Listen with sound, description below because the video alone might look underwhelming.
Okay so please don’t mind too much the song that I used in this video. This is just a couple of chords that I put together in a few minutes, I just needed something real short to test the functionalities.
So my goal here was to allow songs to have an intro that plays only once, followed by a main loop that plays seamlessly afterwards. In the video above, my test audio file is only 8 bars long, 4 for the intro and 4 for the main loop. I know this might not look like much, but the process is a bit more involved than checking the loop box for the audio source, so I’ll detail it more below.
Also kinda shown in the video, each level has its base song and each room in a level can have a song override (example: If the level is a village, there’s a song for the village, but there can also be a different song for when the player enters a house).
So the trick here is to have multiple audio sources running some kind of relay race. I have 3: IntroSource, MainSource and MainSourceLoop. Whenever you try playing one audio source, you must first check AudioSettings.dspTime and use it to schedule your audio play (AudioSource.PlayScheduled()). Then, I use a coroutine to continually check which audio source is playing. For example, if MainSourceLoop is playing, it means that it is time to pass the baton. I invert the variables:
var temp = MainSource;
MainSource = MainSourceLoop;
MainSourceLoop = MainSource;
So now, MainSource is the one playing. Then, it’s time to schedule MainSourceLoop. To do so, I find when the next loop should begin
songLength = introLength + mainLength
time = currentTime + songLength - current position in the song
MainSourceLoop.timeSamples = the exact sample where the main part of the song begins.
The last step is because we want the audio source to start playing not at the beginning of the audio file, but at the beginning of the main section of the song. I use samples instead of a time in seconds both for precision and because it’s simply much easier for me to find the correct sample. Since I’m the one making the music and I’m using strictly virtual instruments, I know that the duration of the music will be extremely precise. In this case, the test song is composed at 120 BPM in 4/4 and is 8 bars long with a frequency of 44100 Hz. If the intro is 4 bars long, in 4/4 that makes it 16 beats long. This means that the sample at the end of the intro is:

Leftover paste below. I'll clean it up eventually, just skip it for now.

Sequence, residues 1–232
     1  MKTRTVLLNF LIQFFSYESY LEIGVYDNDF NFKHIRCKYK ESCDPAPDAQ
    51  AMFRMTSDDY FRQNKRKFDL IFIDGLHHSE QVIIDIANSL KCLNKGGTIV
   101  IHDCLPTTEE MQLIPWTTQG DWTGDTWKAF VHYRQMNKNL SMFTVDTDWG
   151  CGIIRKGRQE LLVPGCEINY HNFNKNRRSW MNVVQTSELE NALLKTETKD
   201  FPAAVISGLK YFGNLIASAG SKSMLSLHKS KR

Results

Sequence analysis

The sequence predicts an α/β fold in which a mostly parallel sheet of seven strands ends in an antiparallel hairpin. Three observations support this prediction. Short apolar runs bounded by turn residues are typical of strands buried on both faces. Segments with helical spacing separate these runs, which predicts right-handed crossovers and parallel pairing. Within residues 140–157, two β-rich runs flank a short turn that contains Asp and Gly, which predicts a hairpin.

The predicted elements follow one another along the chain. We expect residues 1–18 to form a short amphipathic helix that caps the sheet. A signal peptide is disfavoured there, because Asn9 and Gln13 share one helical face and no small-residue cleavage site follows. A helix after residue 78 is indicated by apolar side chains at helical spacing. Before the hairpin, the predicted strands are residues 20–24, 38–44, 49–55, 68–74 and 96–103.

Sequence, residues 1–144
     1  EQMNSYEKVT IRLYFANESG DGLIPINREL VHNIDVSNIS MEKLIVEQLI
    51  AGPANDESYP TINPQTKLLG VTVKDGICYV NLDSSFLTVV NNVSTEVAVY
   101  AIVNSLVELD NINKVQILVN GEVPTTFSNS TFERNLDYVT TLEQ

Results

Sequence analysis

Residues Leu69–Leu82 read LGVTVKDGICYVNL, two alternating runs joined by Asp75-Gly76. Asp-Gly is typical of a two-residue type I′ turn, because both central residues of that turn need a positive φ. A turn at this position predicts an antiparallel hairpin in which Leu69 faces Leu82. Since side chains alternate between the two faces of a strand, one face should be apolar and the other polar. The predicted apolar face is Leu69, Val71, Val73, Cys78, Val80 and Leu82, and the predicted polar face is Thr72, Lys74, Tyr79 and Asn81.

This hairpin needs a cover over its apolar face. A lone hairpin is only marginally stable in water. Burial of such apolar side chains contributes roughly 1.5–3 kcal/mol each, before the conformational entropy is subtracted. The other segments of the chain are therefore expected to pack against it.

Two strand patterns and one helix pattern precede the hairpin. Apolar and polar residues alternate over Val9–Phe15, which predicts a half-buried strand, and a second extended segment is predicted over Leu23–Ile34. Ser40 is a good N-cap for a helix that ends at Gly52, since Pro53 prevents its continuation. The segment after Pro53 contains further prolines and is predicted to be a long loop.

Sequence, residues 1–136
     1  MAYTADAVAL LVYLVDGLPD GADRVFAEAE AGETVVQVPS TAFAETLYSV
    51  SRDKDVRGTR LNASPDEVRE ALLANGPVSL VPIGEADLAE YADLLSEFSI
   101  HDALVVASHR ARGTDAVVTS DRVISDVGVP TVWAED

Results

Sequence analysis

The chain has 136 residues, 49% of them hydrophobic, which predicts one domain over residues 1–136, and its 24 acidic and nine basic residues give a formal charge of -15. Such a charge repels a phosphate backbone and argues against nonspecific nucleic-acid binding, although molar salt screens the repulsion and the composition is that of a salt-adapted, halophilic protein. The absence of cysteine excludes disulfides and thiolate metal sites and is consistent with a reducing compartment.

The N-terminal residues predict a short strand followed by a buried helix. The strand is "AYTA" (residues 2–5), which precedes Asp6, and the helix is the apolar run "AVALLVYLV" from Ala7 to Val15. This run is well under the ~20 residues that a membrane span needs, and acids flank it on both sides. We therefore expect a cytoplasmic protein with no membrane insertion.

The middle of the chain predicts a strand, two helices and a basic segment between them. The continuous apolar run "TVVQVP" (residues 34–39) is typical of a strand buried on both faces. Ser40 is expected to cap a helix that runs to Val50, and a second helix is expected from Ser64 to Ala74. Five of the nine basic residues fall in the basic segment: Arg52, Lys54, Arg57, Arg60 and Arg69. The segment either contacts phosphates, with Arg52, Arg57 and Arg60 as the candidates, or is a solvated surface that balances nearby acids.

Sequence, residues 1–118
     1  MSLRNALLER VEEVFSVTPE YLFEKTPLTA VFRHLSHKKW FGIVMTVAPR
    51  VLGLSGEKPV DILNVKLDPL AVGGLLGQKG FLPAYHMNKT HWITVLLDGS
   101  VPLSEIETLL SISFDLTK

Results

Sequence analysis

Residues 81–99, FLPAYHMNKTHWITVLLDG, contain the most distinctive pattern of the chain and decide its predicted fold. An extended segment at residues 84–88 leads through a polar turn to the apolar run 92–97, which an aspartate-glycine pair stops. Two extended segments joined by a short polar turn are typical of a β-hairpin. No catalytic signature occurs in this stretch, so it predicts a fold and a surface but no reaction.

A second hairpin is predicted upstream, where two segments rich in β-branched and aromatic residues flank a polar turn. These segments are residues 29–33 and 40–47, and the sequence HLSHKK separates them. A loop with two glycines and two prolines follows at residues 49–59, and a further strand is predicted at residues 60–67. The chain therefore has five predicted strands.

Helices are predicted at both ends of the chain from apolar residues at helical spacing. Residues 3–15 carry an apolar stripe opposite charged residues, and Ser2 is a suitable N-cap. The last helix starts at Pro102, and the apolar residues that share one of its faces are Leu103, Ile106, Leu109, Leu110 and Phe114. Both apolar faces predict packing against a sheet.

60 * (16 beats / 120 BPM ) * 44100 Hz
The multiplication by 60 is to make the units match up since BPM is in minutes and Hz is in seconds.
Okay, so that was more of an overview than a tutorial, but if this is something you want to implement yourself, that should get you started. Feel free to ask me questions if you want to know more about the implementation.
Isn’t it amazing how we all thought Viktor was going to be jealous of Phichit, but Viktor was never really in the picture whenever Phichit and Yuuri were talking? He was leaving Yuuri to have his space and talk with his old friend without getting upset or getting in the middle.
that’s such a healthy behavior, and better than anything I could have hoped for.
Listen, listen. The fact Eliot Spencer’s response to Parker being upset and asking if they could kill the guy who upset her was a shrug and, “Yeah. I mean, I could.” will never, ever not be important to me.
You see that poster beside Yuuri’s bed? Imagine Yuuri talking to that every night before he goes to sleep.
Yuuri: Viktor, why are you so handsome?
Yuuri: Viktor, why are you so perfect?
Yuuri: I really wish you were here, Viktor.
Yuuri:I love you. Yuuri: I know that it’s still early there, but… Good night, Viktor.